Last Thursday, the District of Columbia decided not to appeal a decision by the DC federal appeals court that declared DC’s concealed carry law unconstitutional. DC had asked the entire DC federal appeals court for an en banc review of that decision, but despite a large Democratic majority, the entire DC federal appeals court unanimously let that decision stand. Gun control advocates are obviously thankful that DC “took one for the team” and didn’t appeal this case to the US Supreme Court. The last thing that they wanted was another District of Columbia v. Heller (2008) decision, whereby the Supreme Court struck down DC’s handgun ban and later applied the precedent to strike down bans in places such as Chicago.
As we have previously noted, prohibiting concealed handguns within 1,000 feet of a school can in some states essentially amount to a concealed carry ban. Technically, DC allows permitted concealed carry, but the law is written in such a way that it would ban permit holders from carrying in virtually the entire District. Even the 124 people who are legally permitted to carry are really currently banned from carrying virtually everywhere. The relevant text of the law (§ 22–4502.01) is in the enhanced penalty section and is available here.
(a) All areas within, 1000 feet of an appropriately identified public or private day care center, elementary school, vocational school, secondary school, college, junior college, or university, or any public swimming pool, playground, video arcade, youth center, or public library, or in and around public housing as defined in section 3(1) of the United States Housing Act of 1937, approved August 22, 1974 (88 Stat. 654; 42 U.S.C. § 1437a(b)), the development or administration of which is assisted by the United States Department of Housing and Urban Development, or in or around housing that is owned, operated, or financially assisted by the District of Columbia Housing Authority, or an event sponsored by any of the above entities shall be declared a gun free zone. For the purposes of this subsection, the term “appropriately identified” means that there is a sign that identifies the building or area as a gun free zone. . . .
(c) The provisions of this section shall not apply to a person legally licensed to carry a firearm in the District of Columbia who lives or works within 1000 feet of a gun free zone . . . .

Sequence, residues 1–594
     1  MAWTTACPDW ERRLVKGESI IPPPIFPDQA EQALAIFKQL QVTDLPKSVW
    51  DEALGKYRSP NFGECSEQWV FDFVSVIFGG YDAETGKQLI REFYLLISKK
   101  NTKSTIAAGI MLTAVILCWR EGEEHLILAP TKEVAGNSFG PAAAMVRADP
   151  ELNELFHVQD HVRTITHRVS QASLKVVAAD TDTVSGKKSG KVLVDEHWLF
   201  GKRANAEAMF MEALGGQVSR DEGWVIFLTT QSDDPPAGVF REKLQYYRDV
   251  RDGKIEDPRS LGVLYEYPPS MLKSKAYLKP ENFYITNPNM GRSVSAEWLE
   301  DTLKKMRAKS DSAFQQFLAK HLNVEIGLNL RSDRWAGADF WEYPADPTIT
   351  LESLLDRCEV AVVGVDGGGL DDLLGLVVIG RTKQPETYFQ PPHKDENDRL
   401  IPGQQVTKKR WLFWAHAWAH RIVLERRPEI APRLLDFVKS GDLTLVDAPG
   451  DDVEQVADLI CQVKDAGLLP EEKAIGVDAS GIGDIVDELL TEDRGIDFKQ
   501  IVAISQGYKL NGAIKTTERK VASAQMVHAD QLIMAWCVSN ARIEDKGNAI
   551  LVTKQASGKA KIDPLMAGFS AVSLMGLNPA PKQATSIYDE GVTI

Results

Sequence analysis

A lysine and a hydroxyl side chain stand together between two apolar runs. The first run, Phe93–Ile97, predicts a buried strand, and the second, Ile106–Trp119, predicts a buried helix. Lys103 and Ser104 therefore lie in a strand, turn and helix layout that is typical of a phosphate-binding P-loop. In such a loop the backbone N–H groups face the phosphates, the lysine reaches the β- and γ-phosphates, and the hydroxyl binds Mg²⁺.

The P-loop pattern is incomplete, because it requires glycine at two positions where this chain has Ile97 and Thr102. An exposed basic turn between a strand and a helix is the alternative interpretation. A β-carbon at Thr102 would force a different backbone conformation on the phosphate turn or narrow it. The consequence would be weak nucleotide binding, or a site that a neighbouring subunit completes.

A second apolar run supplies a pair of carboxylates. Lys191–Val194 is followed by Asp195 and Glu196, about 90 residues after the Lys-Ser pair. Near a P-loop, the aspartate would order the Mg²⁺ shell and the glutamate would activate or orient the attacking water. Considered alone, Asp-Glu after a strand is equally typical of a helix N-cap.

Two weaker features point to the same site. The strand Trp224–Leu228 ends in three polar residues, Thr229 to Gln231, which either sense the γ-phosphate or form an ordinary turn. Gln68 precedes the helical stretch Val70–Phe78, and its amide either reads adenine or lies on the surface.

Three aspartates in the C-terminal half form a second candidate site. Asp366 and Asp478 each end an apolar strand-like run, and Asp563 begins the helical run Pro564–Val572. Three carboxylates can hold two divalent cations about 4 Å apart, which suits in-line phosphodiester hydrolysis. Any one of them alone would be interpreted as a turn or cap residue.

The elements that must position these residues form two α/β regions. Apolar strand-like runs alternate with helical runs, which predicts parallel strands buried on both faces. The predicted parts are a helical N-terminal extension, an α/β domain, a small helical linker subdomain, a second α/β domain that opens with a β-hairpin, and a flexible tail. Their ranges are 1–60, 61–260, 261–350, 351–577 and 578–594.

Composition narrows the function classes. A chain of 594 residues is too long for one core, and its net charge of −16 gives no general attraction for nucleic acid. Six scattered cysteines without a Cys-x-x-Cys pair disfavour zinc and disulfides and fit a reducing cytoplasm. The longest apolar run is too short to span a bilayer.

The figure below shows that it’s impossible to go more than a few blocks in DC with a permitted concealed handgun unless you want to take the risk that any violation of law could result in very severe penalties. And the figure doesn’t even include day care centers, video arcades, youth centers, playgrounds, or public housing. The most likely interpretation of the law is that you can carry in gun-free zones that include your home or business, but not in other gun-free zones that are spread across the district. If Congress passes a concealed handgun reciprocity bill this session, this part of DC’s law would ban anyone from being able to carry their permitted concealed handgun within the district.
Someone we know contacted the DC police about this provision and received this response: “All I can really say on this is that there is a set of prohibited areas that apply to concealed carry license holders.”
* One alternative way of reading Section C is that if you live or work within 1,000 feet of a gun-free zone, you are exempt from all gun-free zones, but if you don’t live within 1,000 feet, you are effectively banned from carrying. Presumably, most would argue that interpretation is nonsensical. But it is a possibility given how poorly written the law is.
UPDATE: Professor Nelson Lund at George Mason University gave this quote to the Washington Times:
The law “is so bafflingly drafted that I suppose it’s possible to read it as only an enhanced-penalty provision, but it’s awfully easy to read it differently too,” Mr. Lund said. “I don’t think I would want to exercise my rights under the Second Amendment while that provision is sitting there like that.”
Whatever the interpretation of the gun-free zones, analysts said, another part of the law has a long list of places where carrying is illegal, including city office buildings; the building, grounds and parking lots of schools; public transportation; hospitals; any place where alcohol is served; sports arenas; and the National Mall and other federal property. . . .
Emily Miller also gave this statement.
. . . Emily Miller, who chronicled her ordeal through the permitting process to own a firearm in the city in The Washington Times and later in her book “Emily Gets Her Gun,” said she doesn’t trust that assurance.
The D.C. Council “wrote a carry law that makes me study a map every time I move 10 feet,” said Ms. Miller. “Obviously, their intent was to make it as hard as possible for those of us who have carry permits to legally carry our guns in [the District] for self-defense. The criminals roam freely and don’t abide by the absurd carry restrictions, so those of us who carry guns for self-defense should be able to do so as well.” . . .
An “off the record statement” that we had received from someone in the DC police department that handles permits is
“All I can really say on this is that there is a set of prohibited areas that apply to concealed carry license holders.”